Revenge can be sweet, especially against patent trolls.

Payback can be slow – painfully slow – in coming, but thankfully, at last, it does seem to be showing signs of finally arriving and hitting some most unsavory types – patent trolls – squarely in the nether regions.

I’ve already waxed lyrical here about trolls and what needs to be done to up the fight in tackling this scourge.

Here, let me give you a quick review of what needs to be done:

  • Patent use to be limited – a ban on claims for a term preceding their acquisition;
  • Mandatory compensation of a defendant’s expenses if a lawsuit against it is either defeated in court or withdrawn;
  • A ban on patent aggregators bringing lawsuits;
  • An increase in the required detail and accuracy of patent descriptions, and mandatory technical expert examinations;
  • The main thing: not for ideas to be patented, but their concrete practical application.

Sometimes it seems like US legislators read my blog! Finally, something is getting done – and not just anywhere, but in the state of Vermont, where the first anti-troll law has come into effect!

There’s a lot of interesting stuff in this law, but what I like most in it is that now a defendant company can demand from a patent troll reimbursement of all its legal costs if it manages to prove that the troll acted not in good faith.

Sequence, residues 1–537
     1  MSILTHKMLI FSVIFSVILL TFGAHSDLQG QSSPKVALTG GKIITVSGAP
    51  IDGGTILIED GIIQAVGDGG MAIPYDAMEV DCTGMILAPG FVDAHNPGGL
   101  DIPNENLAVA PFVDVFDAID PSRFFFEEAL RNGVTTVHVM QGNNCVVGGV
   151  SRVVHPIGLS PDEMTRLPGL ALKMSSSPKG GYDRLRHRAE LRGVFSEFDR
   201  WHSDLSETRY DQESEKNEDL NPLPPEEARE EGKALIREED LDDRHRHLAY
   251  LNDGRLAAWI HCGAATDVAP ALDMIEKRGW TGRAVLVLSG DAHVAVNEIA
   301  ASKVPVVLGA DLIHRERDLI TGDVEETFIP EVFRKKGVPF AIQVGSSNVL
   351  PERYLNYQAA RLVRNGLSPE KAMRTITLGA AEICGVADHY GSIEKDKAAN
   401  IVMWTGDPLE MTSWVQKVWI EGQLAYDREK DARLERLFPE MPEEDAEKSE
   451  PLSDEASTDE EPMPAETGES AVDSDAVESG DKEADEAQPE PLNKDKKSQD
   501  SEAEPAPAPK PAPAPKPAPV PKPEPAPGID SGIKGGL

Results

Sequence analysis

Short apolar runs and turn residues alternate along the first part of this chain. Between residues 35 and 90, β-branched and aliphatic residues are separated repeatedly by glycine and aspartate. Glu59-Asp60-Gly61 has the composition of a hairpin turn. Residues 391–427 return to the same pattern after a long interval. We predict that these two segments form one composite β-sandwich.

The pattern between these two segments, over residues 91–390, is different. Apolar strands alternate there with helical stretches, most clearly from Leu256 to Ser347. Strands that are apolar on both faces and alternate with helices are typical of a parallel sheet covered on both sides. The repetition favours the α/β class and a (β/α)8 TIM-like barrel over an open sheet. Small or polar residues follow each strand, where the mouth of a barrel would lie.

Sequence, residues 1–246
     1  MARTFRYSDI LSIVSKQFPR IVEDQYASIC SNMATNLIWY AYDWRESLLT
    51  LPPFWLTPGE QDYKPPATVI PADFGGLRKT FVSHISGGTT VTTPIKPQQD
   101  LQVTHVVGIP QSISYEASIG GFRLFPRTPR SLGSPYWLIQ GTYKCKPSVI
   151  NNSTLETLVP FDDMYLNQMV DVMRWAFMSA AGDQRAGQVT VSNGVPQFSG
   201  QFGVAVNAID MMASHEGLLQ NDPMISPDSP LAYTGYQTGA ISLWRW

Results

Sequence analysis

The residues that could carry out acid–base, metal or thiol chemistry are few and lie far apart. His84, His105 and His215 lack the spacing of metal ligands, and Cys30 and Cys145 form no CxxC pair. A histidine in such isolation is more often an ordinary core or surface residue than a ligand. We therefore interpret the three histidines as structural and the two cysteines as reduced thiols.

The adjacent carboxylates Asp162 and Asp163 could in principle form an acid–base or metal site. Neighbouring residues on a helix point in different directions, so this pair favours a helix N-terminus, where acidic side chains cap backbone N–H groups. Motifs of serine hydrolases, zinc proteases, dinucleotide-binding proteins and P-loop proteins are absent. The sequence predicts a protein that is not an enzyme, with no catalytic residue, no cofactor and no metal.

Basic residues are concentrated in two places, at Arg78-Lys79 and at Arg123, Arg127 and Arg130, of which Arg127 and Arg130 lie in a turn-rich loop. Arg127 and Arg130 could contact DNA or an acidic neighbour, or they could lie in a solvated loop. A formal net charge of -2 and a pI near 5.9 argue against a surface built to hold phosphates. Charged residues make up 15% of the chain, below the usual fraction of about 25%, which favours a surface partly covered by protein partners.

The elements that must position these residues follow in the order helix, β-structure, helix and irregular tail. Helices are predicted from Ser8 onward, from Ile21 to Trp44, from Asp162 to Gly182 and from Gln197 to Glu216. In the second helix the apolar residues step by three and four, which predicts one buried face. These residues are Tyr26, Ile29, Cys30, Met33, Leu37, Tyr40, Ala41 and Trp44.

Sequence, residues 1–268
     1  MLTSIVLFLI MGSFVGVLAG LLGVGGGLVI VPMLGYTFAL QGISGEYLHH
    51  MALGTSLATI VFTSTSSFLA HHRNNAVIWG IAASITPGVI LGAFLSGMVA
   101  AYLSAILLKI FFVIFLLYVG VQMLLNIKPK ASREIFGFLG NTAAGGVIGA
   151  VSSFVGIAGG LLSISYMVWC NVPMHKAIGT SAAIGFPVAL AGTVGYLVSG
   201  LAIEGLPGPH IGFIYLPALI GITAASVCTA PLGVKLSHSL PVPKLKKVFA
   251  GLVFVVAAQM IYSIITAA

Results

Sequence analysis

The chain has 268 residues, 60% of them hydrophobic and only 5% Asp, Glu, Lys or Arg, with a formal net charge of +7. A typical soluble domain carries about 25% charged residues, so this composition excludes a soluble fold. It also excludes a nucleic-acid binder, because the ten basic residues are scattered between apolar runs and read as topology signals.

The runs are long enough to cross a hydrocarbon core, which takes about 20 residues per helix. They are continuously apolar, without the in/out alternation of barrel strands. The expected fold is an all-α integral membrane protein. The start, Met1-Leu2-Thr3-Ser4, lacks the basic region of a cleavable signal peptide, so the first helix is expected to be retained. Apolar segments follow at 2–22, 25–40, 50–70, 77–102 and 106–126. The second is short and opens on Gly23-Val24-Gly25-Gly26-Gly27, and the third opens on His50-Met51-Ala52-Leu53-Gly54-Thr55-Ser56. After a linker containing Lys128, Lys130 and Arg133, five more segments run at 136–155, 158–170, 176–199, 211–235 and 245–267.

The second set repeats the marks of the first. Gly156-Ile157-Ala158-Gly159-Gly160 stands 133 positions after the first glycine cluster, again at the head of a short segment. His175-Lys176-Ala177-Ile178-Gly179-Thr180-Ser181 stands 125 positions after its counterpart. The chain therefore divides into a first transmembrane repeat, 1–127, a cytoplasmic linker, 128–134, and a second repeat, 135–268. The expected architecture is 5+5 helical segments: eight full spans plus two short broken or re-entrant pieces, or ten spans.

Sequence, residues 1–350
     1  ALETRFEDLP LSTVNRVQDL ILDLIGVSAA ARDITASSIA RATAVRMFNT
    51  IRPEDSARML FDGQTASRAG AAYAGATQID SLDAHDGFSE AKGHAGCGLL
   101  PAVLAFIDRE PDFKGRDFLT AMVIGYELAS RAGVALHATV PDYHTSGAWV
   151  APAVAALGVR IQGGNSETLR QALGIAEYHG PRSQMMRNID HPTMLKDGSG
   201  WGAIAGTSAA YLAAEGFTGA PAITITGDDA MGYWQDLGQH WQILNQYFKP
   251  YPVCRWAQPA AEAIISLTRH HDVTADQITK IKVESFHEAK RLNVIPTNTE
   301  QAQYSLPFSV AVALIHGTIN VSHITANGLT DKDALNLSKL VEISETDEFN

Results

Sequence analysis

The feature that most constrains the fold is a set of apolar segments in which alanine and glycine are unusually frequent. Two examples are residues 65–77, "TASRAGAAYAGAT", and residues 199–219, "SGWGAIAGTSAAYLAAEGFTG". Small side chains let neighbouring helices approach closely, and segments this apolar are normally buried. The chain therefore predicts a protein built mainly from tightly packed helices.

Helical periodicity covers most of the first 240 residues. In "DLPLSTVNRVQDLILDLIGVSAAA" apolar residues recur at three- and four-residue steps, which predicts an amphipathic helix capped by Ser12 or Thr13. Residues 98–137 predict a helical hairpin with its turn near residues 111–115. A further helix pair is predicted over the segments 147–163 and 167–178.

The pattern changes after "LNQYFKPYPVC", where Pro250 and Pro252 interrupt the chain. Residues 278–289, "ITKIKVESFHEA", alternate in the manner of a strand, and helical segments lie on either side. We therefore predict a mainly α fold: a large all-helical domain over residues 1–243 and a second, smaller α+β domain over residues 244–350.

More: Special thanks for the law go to … a patent troll!

Patents against innovation – cont’d.

“Patents against innovation”. Sounds as paradoxical as “bees against honey”, “hamburger patties against buns”, “students against sex” or “rock ‘n’ roll against drugs”.

Patents against innovation? How can that be possible? Patents exist to protect inventors’ rights, to provide a return on R&D investment, and generally to stimulate technological progress. Well, maybe it’s like that for some things, but in today’s software world – no way.

Today’s patent law regarding software is…well, it’s a bit like one of those circus mirrors where reality is distorted. Patent law is now just so far removed from common sense that it’s patently absurd; the whole system right down to its roots needs to be overhauled. ASAP! Otherwise innovative patents meant to encourage and protect will simply fail to materialize. (Good job, patent system. Stellar work.)

So how did everything end up so messed up?

Well, despite the virtuous original intention of patents to protect inventors – today they’ve mainly turned into nothing more than an extortion tool, whose objective is just the opposite of protecting innovation. The contemporary patent business is a technological racket – a cross-breed between… a thieving magpie and a kleptomaniac monkey – with a malicious instinct to drag anything of value back to its lair.

Growth in the number of patent lawsuits with the participation of trolls

trollcase

 Source: PatentFreedom

Now for some detail. Let’s have a closer look at the patent business.

More: aggregators, trolls and pools …